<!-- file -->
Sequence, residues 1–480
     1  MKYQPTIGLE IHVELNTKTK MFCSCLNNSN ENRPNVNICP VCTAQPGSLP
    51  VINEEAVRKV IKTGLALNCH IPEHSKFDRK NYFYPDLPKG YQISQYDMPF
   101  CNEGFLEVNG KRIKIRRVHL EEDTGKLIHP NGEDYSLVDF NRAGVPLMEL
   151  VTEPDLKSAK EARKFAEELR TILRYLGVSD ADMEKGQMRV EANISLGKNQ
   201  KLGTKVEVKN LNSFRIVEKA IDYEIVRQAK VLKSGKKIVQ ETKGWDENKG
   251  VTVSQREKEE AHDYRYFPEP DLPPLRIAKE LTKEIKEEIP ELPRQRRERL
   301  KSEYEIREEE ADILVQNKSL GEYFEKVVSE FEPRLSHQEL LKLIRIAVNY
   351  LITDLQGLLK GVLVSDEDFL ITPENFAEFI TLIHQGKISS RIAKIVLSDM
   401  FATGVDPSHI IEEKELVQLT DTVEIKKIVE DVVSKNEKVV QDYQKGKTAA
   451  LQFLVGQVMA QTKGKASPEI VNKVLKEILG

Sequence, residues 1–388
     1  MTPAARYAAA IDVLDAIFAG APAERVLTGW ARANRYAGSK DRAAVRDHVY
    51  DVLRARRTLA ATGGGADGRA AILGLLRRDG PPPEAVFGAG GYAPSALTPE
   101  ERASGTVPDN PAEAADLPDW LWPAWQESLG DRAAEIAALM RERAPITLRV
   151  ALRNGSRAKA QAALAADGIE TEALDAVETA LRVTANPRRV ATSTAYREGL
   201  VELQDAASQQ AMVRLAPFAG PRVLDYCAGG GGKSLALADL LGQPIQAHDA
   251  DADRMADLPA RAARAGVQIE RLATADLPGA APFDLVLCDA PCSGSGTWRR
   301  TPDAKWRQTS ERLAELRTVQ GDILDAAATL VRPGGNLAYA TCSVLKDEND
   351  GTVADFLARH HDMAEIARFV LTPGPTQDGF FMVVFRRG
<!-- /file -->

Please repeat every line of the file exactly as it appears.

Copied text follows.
Sequence, residues 1–480
     1  MKYQPTIGLE IHVELNTKTK MFCSCLNNSN ENRPNVNICP VCTAQPGSLP
    51  VINEEAVRKV IKTGLALNCH IPEHSKFDRK NYFYPDLPKG YQISQYDMPF
   101  CNEGFLEVNG KRIKIRRVHL EEDTGKLIHP NGEDYSLVDF NRAGVPLMEL
   151  VTEPDLKSAK EARKFAEELR TILRYLGVSD ADMEKGQMRV EANISLGKNQ
   201  KLGTKVEVKN LNSFRIVEKA IDYEIVRQAK VLKSGKKIVQ ETKGWDENKG
   251  VTVSQREKEE AHDYRYFPEP DLPPLRIAKE LTKEIKEEIP ELPRQRRERL
   301  KSEYEIREEE ADILVQNKSL GEYFEKVVSE FEPRLSHQEL LKLIRIAVNY
   351  LITDLQGLLK GVLVSDEDFL ITPENFAEFI TLIHQGKISS RIAKIVLSDM
   401  FATGVDPSHI IEEKELVQLT DTVEIKKIVE DVVSKNEKVV QDYQKGKTAA
   451  LQFLVGQVMA QTKGKASPEI VNKVLKEILG

Sequence, residues 1–388
     1  MTPAARYAAA IDVLDAIFAG APAERVLTGW ARANRYAGSK DRAAVRDHVY
    51  DVLRARRTLA ATGGGADGRA AILGLLRRDG PPPEAVFGAG GYAPSALTPE
   101  ERASGTVPDN PAEAADLPDW LWPAWQESLG DRAAEIAALM RERAPITLRV
   151  ALRNGSRAKA QAALAADGIE TEALDAVETA LRVTANPRRV ATSTAYREGL
   201  VELQDAASQQ AMVRLAPFAG PRVLDYCAGG GGKSLALADL LGQPIQAHDA
   251  DADRMADLPA RAARAGVQIE RLATADLPGA APFDLVLCDA PCSGSGTWRR
   301  TPDAKWRQTS ERLAELRTVQ GDILDAAATL VRPGGNLAYA TCSVLKDEND
   351  GTVADFLARH HDMAEIARFV LTPGPTQDGF FMVVFRRG